When I was really young, the only doughnuts I knew were called pączki. Delicious yeasty, eggy fried dough, most often filled with plum butter, rose jam or custard (my personal fav being a toss up between plum butter and Advocat-flavoured custard) and covered in a sweet citrusy glaze. Insert drool emoji!! We moved to Canada when I was young so as I grew up, I was exposed to the more typical North American doughnuts that you get at Tim’s or Krispy Kreme…but pączki are hard to beat! I thought Mother’s Day would be a perfect time to make pączki and surprise my mom with a special delivery!
*This recipe yields 9-10 doughnuts
500g all purpose flour
1 cup warm milk
4 egg yolks
40g sugar (just over 2 1/2 tbps)
7g dry yeast
50g butter (approx. 1/4 cup)
pinch of salt
canola, grapeseed or coconut oil for frying
3 tbsp lemon juice or 2 tbsp water (or half and half)
120g powdered sugar
Your choice, or none! Typically made with plum butter, rose jam or custard, but any type of jam will work equally well.
- Melt the butter on your stove top or in the microwave, and put aside to cool.
- Warm the milk on the stovetop until warm to the touch (be careful not to over-heat as this will kill your yeast).
- Separate your eggs. You only need the egg yolks for this recipe, but you can save the egg whites for easy meringues!
- Place yeast, sugar and milk in bowl of your stand mixer. Let sit for 2-3 minutes.
- Add egg yolks, butter, and flour and work the dough with the hook attachment for about 5 minutes until the dough starts separating from the sides of the bowl.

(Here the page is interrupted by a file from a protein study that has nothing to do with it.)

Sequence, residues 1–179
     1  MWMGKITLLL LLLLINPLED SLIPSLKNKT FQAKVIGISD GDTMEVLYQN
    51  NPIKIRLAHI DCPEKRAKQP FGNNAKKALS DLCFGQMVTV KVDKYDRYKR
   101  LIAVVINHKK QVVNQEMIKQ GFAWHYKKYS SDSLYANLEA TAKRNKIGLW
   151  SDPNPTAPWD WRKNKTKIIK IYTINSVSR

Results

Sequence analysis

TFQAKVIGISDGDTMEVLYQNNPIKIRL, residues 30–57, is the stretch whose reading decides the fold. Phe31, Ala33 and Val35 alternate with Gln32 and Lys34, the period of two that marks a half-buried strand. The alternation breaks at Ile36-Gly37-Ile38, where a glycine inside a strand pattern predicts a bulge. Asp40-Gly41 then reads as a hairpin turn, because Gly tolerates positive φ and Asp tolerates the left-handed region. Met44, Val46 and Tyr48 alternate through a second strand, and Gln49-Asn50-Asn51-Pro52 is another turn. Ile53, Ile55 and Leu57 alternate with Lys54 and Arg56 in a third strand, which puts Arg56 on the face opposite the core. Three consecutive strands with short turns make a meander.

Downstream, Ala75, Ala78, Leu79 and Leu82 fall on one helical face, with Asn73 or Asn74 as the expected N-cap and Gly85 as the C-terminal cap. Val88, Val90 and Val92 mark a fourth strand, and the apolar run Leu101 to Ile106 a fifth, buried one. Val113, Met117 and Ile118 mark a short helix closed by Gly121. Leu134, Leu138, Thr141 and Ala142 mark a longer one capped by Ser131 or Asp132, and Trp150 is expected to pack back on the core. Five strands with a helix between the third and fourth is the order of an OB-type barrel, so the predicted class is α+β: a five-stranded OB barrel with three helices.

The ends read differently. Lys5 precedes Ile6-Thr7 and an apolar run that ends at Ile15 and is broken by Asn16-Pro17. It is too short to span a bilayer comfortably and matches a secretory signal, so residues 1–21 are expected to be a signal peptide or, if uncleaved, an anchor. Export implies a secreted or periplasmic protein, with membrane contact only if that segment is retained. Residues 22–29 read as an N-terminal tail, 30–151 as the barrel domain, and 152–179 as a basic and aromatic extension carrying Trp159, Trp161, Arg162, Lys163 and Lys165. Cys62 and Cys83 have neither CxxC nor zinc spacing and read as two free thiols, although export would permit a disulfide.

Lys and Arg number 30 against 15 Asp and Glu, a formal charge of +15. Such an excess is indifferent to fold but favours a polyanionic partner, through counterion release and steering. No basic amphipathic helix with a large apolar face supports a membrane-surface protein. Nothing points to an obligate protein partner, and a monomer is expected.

- Get your muscles warmed up! Remove bowl from your stand mixer and knead by hand for another 5 minutes. You will noticed that the dough will be resisting at first, but this will ease up as you keep kneading. Kneading is a really important step, especially with this dough, because it helps yield a fluffy doughnut.
- Cover with a cotton tea towel or plastic wrap and let sit for 30 minutes to 1 hour in a warm place until the dough has about doubled in size. Patience is key here so that the dough has enough time to rise!
- Prepare your rolling pin by lightly coating it in flour. Remove dough from the bowl onto a floured surface and roll out until about 2.5cm (1″) thick.
- Cut out circles. This can be done using circle cookie cutters or simply use the rim of a glass from your cupboard!
- For leftover dough, gently knead again, roll and cut out circles. Repeat this process until you have used most of the dough. Cover the cut out circles of dough with a cotton tea towel while resting.
- Heat oil in a flat bottom skillet a few inches in height (not too deep) until the oil is at about 175ºC (350ºF).
- Gently, usling a slotted spoon, insert a circle of dough into the heated oil, one at a time. You can fry 2-3 doughnuts at one time, depending on the size. Do not over crowd the pan as these need to move around freely.
- Flip over once the side gets golden brown. You may need to play with the heat so that the oil does not get too hot. You need these to cook through or you will end up with a raw middle. In my experience, it’s better to cook longer at a lower heat.
- Remove once both sides are a nice golden brown and place on a plate with paper towel to let the excess oil soak off.
- After a few minutes, transfer to a cooling rack, set on top of a baking sheet (this will be used to catch any glaze that drips).
- If you will be filling your doughnut, prepare your piping bag. I use a Wilton 7 tip. Add your choice of filling to the bag.
- Poke a hole into the middle of the doughnut and using your prepared piping bag, squeeze the filling into the doughnut.
- Make the glaze! Add the lemon juice (or water) to the icing sugar and stir to dissolve.
- Once the doughnuts have cooled but are still warm, brush with your glaze. This is where that baking pan under your cooling rack will come in handy to save you from a messy clean up of your counter top!